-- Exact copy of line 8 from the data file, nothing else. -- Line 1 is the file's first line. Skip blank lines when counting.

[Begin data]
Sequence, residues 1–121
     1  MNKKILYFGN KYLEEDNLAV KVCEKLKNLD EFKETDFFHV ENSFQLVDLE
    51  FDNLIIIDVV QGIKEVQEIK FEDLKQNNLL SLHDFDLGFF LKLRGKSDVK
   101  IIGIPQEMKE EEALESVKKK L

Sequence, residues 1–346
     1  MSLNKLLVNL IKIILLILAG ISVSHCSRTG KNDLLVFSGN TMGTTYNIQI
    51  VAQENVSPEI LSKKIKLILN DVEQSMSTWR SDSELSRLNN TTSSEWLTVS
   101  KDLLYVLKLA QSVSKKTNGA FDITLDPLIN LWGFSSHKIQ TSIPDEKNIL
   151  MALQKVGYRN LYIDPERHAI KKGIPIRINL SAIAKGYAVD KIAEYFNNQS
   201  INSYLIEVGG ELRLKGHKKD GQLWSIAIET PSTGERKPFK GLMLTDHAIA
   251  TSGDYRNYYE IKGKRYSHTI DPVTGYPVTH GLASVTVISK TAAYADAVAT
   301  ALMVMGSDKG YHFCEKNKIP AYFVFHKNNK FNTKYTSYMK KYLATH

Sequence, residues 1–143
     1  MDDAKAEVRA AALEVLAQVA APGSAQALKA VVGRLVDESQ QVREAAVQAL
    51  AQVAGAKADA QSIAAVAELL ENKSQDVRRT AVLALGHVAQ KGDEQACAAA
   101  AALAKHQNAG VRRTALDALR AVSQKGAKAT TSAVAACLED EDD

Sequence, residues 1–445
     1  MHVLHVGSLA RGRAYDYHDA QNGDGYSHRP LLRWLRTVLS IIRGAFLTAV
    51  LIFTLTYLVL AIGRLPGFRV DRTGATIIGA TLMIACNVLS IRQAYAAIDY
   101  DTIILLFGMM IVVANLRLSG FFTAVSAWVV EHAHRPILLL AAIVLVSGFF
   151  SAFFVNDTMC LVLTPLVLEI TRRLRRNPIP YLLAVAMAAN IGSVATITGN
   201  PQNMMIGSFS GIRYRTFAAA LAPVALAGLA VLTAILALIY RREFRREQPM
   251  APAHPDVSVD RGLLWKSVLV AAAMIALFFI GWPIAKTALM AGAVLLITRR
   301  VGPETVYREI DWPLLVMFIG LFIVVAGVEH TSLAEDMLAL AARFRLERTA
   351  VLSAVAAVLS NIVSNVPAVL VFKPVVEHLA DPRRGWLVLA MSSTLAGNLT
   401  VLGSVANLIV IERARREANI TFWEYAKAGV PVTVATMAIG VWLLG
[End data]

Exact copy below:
   101  KDLLYVLKLA QSVSKKTNGA FDITLDPLIN LWGFSSHKIQ TSIPDEKNIL